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Frank Slide Interpretive Centre

The Frank Slide Interpretive Centre is located on the site of the FRANK SLIDE, in the municipality of CROWSNEST PASS, Alta. On 29 April 1903 part of Turtle Mountain broke away and slid through part of the mining community of Frank. There is still considerable controversy over the cause of the slide.

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Shaftesbury Hall

Shaftesbury Hall. The auditorium in Toronto's first YMCA, built at Queen and James streets in 1872 to designs by the architects Smith and Gemmel. The hall was on the ground floor with a direct entrance from the street, a double gallery, and a seating capacity of about 1700.

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West Edmonton Mall

The WEM remains the largest shopping centre in North America. It was among the first shopping centres to offer a wide range of amenities, from water parks to themed streets - attractive at any time of year but particularly during winter.

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Smith House

 Architect Arthur ERICKSON designed the house for artists Gordon and Marion Smith. It sums up a period in West Coast modernist architecture of experimentation with open plans and visual and physical interpenetration of indoors and outdoors.

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Shand House

Shand House in WINDSOR, NS, is an ornate Victorian residence built by Clifford and Henrie Shand in 1890 as a family home. Clifford Shand was a noted bicycle racer and the son of a Windsor furniture manufacturer, and the interior of the house reflects this association with fine woodworking.

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Father Lacombe Chapel

Father Lacombe Chapel, located in St. Albert, is generally considered to be the oldest surviving building in Alberta. The chapel was built in 1861 by Father Albert Lacombe, an Oblate of Mary Immaculate missionary. In the early 1860s Father Lacombe became concerned with the future of the Métis.

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Habitat 67

Habitat 67 is an experimental urban residential complex designed by Israeli-born architect Moshe Safdie and located in the Cité du Havre neighbourhood south of Montréal’s Old Port sector. Commissioned by the Canadian Corporation for Expo 67, the project derives its name from the theme of the fair, “Man and His World,” and became one of the major pavilions of the exhibition. It is the only remaining structure from Expo 67 to retain its original function. In 2015, the Guardian called Habitat “a functioning icon of 1960s utopianism, and one of that period’s most important buildings.”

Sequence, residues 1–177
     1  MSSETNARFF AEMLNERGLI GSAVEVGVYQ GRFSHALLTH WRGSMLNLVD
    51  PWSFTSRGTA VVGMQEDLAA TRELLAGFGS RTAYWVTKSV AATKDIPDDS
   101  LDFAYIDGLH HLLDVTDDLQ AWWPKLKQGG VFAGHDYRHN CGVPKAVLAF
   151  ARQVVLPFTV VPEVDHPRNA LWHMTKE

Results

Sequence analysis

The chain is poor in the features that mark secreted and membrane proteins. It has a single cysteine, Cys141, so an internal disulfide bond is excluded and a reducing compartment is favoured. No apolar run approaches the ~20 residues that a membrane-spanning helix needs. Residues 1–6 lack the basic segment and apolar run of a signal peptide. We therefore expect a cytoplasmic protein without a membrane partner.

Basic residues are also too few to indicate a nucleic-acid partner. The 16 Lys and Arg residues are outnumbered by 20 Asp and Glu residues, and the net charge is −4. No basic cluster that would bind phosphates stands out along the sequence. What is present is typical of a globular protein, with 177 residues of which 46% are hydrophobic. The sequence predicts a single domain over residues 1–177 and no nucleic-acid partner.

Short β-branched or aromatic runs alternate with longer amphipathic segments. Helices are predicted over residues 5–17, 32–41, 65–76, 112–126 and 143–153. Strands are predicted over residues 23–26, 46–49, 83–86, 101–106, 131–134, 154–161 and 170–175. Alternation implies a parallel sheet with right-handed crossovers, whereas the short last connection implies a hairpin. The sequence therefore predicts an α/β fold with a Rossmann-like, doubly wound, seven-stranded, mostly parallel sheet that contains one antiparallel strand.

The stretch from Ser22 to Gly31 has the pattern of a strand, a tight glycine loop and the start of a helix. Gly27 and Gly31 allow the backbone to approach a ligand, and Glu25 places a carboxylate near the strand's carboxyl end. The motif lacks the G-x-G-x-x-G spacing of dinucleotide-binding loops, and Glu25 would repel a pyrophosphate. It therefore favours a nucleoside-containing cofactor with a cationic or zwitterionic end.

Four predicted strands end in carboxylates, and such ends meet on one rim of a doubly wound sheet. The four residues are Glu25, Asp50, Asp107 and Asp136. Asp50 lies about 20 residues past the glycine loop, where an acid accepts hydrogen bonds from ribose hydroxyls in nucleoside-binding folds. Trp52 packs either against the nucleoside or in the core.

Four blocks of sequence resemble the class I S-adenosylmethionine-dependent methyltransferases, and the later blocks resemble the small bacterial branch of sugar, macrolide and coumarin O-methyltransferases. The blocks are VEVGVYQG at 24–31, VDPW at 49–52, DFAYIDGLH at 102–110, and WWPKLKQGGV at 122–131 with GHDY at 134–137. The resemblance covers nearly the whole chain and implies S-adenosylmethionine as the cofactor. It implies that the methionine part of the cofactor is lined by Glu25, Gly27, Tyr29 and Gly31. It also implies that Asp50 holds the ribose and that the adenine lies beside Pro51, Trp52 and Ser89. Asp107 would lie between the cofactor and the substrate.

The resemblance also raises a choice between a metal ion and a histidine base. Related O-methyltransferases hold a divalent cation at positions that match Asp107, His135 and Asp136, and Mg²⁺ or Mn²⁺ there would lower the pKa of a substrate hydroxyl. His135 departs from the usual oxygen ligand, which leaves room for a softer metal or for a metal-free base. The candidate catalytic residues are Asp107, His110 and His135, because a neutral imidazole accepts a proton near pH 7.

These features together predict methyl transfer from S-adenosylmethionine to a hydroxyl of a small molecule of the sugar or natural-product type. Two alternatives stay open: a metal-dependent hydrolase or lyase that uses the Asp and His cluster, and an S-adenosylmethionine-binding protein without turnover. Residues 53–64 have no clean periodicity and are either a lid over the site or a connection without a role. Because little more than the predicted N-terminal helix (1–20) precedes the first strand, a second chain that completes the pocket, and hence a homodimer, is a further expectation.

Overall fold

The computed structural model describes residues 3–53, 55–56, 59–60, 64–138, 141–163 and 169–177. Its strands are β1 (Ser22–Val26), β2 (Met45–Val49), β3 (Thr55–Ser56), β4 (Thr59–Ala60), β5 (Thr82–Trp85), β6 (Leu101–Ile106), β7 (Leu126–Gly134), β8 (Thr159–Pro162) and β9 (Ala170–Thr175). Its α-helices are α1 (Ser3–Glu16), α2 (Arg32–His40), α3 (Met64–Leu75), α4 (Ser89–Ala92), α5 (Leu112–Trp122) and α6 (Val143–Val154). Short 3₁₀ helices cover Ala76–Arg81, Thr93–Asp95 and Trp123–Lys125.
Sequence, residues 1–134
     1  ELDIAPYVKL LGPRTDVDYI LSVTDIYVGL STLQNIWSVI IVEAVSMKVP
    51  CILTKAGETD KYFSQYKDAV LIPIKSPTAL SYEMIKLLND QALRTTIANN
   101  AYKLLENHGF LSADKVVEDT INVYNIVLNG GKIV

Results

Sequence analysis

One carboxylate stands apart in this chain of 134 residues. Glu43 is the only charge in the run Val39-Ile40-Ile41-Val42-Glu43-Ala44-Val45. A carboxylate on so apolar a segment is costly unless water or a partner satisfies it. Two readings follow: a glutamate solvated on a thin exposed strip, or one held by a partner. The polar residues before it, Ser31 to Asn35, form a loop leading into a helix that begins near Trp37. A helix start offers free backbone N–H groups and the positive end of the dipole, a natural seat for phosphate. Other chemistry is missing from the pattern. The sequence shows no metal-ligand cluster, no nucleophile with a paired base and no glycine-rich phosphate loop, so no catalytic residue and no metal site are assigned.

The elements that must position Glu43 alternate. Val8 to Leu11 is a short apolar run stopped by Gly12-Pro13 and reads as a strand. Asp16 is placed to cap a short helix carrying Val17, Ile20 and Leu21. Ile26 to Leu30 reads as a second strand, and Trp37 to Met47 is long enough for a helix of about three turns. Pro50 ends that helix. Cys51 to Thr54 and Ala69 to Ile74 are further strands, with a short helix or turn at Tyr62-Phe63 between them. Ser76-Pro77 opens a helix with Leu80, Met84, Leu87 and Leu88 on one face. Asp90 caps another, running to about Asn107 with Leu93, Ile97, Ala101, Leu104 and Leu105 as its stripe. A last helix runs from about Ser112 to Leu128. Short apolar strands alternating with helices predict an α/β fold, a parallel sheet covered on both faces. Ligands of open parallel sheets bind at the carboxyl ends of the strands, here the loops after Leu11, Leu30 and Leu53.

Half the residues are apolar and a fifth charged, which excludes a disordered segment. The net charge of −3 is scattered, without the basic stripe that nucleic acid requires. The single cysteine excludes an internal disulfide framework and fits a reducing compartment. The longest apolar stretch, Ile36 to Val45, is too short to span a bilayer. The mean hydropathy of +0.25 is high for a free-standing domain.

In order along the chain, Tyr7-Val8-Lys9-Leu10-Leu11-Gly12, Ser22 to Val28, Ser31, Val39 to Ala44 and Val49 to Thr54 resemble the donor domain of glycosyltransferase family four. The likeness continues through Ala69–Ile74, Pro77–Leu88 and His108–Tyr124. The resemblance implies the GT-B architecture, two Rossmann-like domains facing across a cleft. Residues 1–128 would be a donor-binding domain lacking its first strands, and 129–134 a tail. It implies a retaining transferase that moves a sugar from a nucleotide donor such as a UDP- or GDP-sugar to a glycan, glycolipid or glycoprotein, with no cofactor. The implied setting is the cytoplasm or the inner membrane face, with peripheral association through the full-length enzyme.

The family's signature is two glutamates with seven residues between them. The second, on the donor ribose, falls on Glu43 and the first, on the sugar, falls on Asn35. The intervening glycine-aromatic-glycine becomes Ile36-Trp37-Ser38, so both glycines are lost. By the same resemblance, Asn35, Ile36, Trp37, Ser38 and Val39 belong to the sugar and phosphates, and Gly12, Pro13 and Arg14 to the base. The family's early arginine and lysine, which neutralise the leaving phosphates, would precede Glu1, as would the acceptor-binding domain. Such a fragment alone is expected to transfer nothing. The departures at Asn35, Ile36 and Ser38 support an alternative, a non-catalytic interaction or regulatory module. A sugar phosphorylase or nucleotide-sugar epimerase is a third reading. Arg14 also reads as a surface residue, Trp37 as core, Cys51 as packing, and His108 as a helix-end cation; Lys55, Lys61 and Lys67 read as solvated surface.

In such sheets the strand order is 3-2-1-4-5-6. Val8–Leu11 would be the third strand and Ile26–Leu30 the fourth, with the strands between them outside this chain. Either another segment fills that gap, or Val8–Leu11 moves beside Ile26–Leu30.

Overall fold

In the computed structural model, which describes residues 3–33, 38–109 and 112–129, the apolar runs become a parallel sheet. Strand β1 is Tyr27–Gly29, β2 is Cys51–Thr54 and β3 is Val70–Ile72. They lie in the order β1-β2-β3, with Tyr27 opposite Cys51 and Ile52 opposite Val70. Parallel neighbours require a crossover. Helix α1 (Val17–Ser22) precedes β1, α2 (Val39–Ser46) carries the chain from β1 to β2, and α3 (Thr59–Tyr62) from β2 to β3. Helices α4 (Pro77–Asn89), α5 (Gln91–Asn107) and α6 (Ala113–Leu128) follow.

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Earnscliffe

Earnscliffe, built in 1857 for Thomas MacKinnon, a successful businessman, was one of Ottawa's most impressive mansions of the mid-19th century.

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Ontario Place Forum

Ontario Place Forum. Outdoor amphitheatre, part of Ontario Place, a provincially-operated recreational park opened in 1971 on three man-made islands off the Toronto waterfront. The Forum is circular in design and set in a basin created by four hills.

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Rideau Hall

A sophisticated estate that incorporated the primary elements of English landscape style, Rideau Hall was thought to be in keeping with the stature and lifestyle of the Queen's representative in Canada.

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Riverboat

The Riverboat. Coffeehouse in Toronto's Yorkville district. Seating about 100 in the narrow basement of a house at 134 Yorkville Ave, it was opened in October 1964 by Bernie Fiedler and became the best-known coffeehouse in Canada.

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Roy Thomson Hall

Roy Thomson Hall. 2,630-seat Toronto concert hall, located in the block bounded by King, Simcoe and Wellington streets. It is managed by The Corporation of Massey Hall and Roy Thomson Hall and is home to the Toronto Symphony Orchestra (TSO) and the Toronto Mendelssohn Choir.

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Massey Hall

Known as “Canada’s Carnegie Hall,” Massey Hall is Canada’s oldest and most venerated concert hall. It opened in 1894 and was the home of the Toronto Symphony Orchestra and the Toronto Mendelssohn Choir until 1982. The site of many historic events and performances, it has been repeatedly voted Canada’s Best Live Music Venue Over 1,500 Seats and Venue of the Year by Canadian music industry associations. It is a National Historic Site and a heritage site in the City of Toronto. It will be closed for two years as of 2 July 2018 to allow for a $142-million renovation.

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Chateau Lake Louise

Chateau Lake Louise is a world-renowned mountain resort and UNESCO World Heritage Site located in Banff National Park, Alberta. Known as the “Diamond in the Wilderness,” the chateau was built beginning in the late 1800s, and was developed as part of the CPR’s network of hotels. It shares a lineage with the Banff Springs Hotel, Le Chateau Frontenac in Québec City and the Empress Hotel in Victoria. Considering its remote location and its eventual scale, the Chateau Lake Louise marked an important point in the development of the Canadian West.